GD34 students Semin Sim, Rafael Alfonso Martinez, and Scott Thompson (Team “Choco Pie”) worked off the theme “Stealth Karate Throwdown,” using FlashPunk for their game engine. The resulting game was Prehistoric Cat-Raté, where you play as a jungle cat trying to retrieve stolen cat statues. While collecting these, you find raptors prowling the grounds below — you must keep out of sight and attack from behind! The resulting yell and explosion were probably my absolute favourite sound effects this Hat Jam. Team Choco Pie took home the prize for Best Mechanics! Play it for yourself here.

Soviet Graveyard Voyage [Play]

With a team compromised of 90% of the Banana Error team from the inaugural Hat Jam, where they took Judge’s Choice, we already had high expectations. GD34s Adir Fakiro, Carlos Novaes, Daniel Garma, Jose (Chema) Maria Leon, and Willy Campos still managed to blow us away with a level of visual polish I’ve never seen in any game jam submission. Soviet Graveyard Voyage is a gorgeously-made world, with full character animation, procedurally generated levels, and even a final boss, set in a very… special area. To top it off, they had made a short comic to explain the backstory! There is no doubt of their worthiness to receive Best Visuals award this Hat Jam. Play it for yourself here.

Masters of the Cooking Revolution [Play]

Play here!!

Despite being in Term 5 and on the final project production floor, GD31′s Eric Shad Miller and Zachery Christie did their best to set aside some time and work together on a jam game. Using Construct 2, they produced a game named after their theme: Masters of the Cooking Revolution. Despite being a competitive laser-shooting beat ‘em up side scrolling kind of game, it was surprisingly poignant, with an interesting sequence of B&W photos as the backdrop. What do they mean? Play it for yourself here!

Cybernetic Tricycle of Love [Watch the video]

A large part of game jams involves last-minute troubleshooting and damage control. Sometimes things go wrong. Things will probably go wrong. What you do when that happens, however, is what really counts, and this team didn’t let us down! GD35s Marlon Franz, Kris Kamaruddin, Enrique Klien, Ethan Maddix, Eric Roslin, and Dustin Williamson were originally making a side-scrolling racer. Unfortunately, circumstances smashed that plan to pieces, and with only 2.5 hours left before their game needed to be submitted, a few members of their team stepped up to the plate! In that tiny frame of time, they wrote and programmed a hilarious racing text adventure, brought to life by Marlon’s illustration (seen above). Cybernetic Tricycle of Love is truly a monument to perseverance — and a markedly funny one, too. You can watch some great play-through videos here!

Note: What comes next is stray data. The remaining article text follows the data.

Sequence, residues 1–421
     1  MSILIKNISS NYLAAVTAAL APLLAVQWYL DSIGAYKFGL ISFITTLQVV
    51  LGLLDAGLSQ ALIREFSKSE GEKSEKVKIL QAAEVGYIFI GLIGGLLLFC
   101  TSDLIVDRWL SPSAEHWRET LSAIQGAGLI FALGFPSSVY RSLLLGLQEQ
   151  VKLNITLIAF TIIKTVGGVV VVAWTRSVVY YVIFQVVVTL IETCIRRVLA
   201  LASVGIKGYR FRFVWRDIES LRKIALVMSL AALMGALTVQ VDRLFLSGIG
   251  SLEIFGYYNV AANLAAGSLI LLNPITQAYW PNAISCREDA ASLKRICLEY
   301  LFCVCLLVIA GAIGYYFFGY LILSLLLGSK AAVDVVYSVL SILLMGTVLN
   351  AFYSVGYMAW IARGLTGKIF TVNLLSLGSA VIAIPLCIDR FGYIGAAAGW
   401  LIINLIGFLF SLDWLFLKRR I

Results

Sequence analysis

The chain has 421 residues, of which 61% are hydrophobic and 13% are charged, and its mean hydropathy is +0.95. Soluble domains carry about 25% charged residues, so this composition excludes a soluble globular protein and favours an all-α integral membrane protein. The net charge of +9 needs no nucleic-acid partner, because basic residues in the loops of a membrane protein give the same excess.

IMAGINARY [Play]

I, too, participated in the jam, but my theme of Awesome Surgery of Mystery left me feeling pretty uninspired. I turned to inanimate objects: in this case, chairs. While we were out eating dinner Friday night of the jam, classmate Janel Jolly joked that “surgeons are just failed carpenters,” which was unexpectedly fitting. It became the cornerstone of my design (or my excuse for why I had chairs and nothing even remotely related to surgery) for IMAGINARY, which is definitely the most thematically un-loyal game. Play it for yourself here.

Thank you again to Leaping Coyote for the amazing sponsorship, to Chris Mitchell for donating so many great prizes, to VFS for letting us use the campus, and to our judges for coming out on a Sunday! Most importantly, though – thank you to all of the Hat Jammers that participated! Without all of you awesome people, this wouldn’t be possible.

You can find more photos, information, and exciting news at the Hat Jam Facebook page. Keep an eye out for Hat Jam 3, and meanwhile, we’ll leave you with some wise words from Team Soviet Graveyard Voyage:

“We urge everyone involved in game design to take part in a game jam of any form. It’s a valuable experience and you build unforgettable friendships.”


Anna Prein is a Game Design Student and winner of our Women in Games Scholarship